HIT Consultant: Now, where do you see BYOD in 2-5 years in healthcare? Right now, it seems to be very controversial and a lot of health care organizations are really unprepared and really don’t know how to take on this issue. Where do you see it progressing 2-5 years from now?
Tom Murphy: So what I think some of the biggest challenges that health care are facing are, they’re facing, they have the ability right now to capture and embrace electronic medical records and take advantage of the some of this stimulus money that’s been put in place. What’s also happening at the same time is that they’ve got some deadlines of 2014 of getting those medical records online. So, you kind of have this window of opportunity of that they’re really focused on getting their records in place. At the same time, what’s going to happen is, now that their records are in place, accessibility to those records is going to be a fall on wave. Accessibility is going to come in the form of the existing stations and existing tools that they use, but the portability, like any other industry, getting access to that information is going to change. So, we see it today with again, iPads are kind of the first waves coming through, the doctors wanting that communication vehicle or accessed information. But the use of portable, mobile devices whether they’re corporate issued or personal devices owned by personnel. Access to that information is just going to logical follow. So, over the next 2-5 years, what I would expect is we’ll see early adopters, mobile devices and personal devices getting access to information and we’ll see that spearheaded by the people that have power, like doctors[pullquote]over the next 2-5 years, what I would expect is we’ll see early adopters, mobile devices and personal devices getting access to information and we’ll see that spearheaded by the people that have power, like doctors[/pullquote], but over more and more what we’ll end up seeing is as the security and policies get better, as more and more electronic medical records get online, just like any technology, there’s a first wave of early adopters, we will see that come down into the mainstream, into other people into the organization that will adopt the same types of technologies, particular use cases, that don’t have the same kind of compelling, really high level compelling event, like communication or like, the time to save someone’s life, but it might just be more administrative use or more general communication about what’s going on and that’s going to filter its way back into the mainstream of the organization in the next 3-5 years.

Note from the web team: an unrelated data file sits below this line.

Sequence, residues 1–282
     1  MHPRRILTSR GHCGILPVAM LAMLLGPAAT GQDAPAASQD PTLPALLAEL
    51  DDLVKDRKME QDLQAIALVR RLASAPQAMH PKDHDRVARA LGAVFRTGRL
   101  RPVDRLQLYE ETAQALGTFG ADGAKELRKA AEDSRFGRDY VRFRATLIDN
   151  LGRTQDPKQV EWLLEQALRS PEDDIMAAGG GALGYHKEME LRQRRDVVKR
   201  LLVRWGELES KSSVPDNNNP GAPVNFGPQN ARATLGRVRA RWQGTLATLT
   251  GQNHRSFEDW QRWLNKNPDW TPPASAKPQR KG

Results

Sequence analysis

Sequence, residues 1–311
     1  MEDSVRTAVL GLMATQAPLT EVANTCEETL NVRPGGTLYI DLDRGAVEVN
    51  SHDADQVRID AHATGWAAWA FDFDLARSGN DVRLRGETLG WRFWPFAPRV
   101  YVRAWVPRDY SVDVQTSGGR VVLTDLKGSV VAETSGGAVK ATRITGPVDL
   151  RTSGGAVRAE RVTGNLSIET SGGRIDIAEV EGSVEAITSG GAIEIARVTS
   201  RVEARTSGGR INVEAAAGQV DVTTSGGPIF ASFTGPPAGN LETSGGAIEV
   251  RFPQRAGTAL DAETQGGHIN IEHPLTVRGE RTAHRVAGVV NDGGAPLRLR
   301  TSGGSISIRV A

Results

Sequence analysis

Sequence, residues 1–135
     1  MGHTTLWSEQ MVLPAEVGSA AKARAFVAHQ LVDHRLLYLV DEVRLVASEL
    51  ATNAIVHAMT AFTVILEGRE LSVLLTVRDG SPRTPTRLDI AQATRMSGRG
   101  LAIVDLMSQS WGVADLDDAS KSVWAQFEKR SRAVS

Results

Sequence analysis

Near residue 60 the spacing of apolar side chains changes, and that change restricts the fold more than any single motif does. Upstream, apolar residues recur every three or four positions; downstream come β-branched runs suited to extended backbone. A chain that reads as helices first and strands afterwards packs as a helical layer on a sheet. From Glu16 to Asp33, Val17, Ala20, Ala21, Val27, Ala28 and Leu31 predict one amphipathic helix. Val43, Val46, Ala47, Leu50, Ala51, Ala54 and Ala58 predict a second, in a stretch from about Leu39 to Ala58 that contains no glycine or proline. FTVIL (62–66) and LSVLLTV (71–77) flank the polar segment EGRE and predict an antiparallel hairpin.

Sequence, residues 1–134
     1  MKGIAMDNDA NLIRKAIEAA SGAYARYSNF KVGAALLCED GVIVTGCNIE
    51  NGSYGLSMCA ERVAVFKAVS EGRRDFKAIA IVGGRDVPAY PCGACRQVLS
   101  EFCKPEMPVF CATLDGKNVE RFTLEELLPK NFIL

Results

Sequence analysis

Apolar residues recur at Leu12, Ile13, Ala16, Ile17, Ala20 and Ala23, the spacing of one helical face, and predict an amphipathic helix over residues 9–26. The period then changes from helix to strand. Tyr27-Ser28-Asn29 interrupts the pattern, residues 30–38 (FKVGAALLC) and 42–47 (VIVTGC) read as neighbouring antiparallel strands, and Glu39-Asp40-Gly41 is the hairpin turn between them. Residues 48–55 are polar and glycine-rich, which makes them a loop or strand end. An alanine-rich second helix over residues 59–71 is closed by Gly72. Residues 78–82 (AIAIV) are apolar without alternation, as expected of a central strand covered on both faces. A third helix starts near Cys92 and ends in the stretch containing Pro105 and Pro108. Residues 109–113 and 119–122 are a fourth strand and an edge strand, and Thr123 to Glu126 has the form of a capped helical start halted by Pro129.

HIT Consultant: Thank you! Any closing comments/thoughts?
Tom Murphy: Yes! Ultimately, when we look at BYOD, I like to say is that many organizations, as example, educational institutions who are doing BYOD and they’ve been doing it for many years. BYOD is not new, it’s just that what we see in different industries, there are talking BYOD based on, the useability and opportunity that presents itself. What we see in healthcare is we see, again, a communication device, what we see is the ability to time the information and kind of the cleanabiltiy of the device. That’s what’s driving the use in healthcare. When you have doctors saying they’re going to use the device, that’s a powerful statement. In order to have safe use of that device, it has to be provisioned properly in an organization. What Bradford is going to do is protect the device, protect the user, protect the access point, and provision safe access to electronic medical records and allow people to onboard their personal devices in a safe way by knowing that information and provisioning the right level of access.
About Tom Murphy:
As Chief Marketing Officer, Tom is responsible for the global strategy and execution of Bradford’s marketing efforts. In this role, Tom is focused on extending Bradford’s presence and relevance on the world stage, building and guiding Bradford’s global brand, to further the success of the company’s sales teams and partner ecosystem.
A 25-year veteran of the IT industry, Tom joined Bradford after five years as the chief strategy officer of Bit9, Inc., a security company that specializes in endpoint protection and application whitelisting. During his time at Bit9, Tom was awarded the Massachusetts Technology Leadership Council’s CXO of the Year award, expanded its global customer base from zero to hundreds of enterprise customers, evangelized around the world, and positioned Bit9 as the market leader in application whitelisting. Prior to Bit9, Tom held leadership positions at several highly successful software companies including Symantec/Relicore, BMC Software/BGS Systems and Precise Software Solutions/Veritas Software. While at Precise, Tom established leadership in the Application Performance Management (APM) market culminating with a highly successful IPO.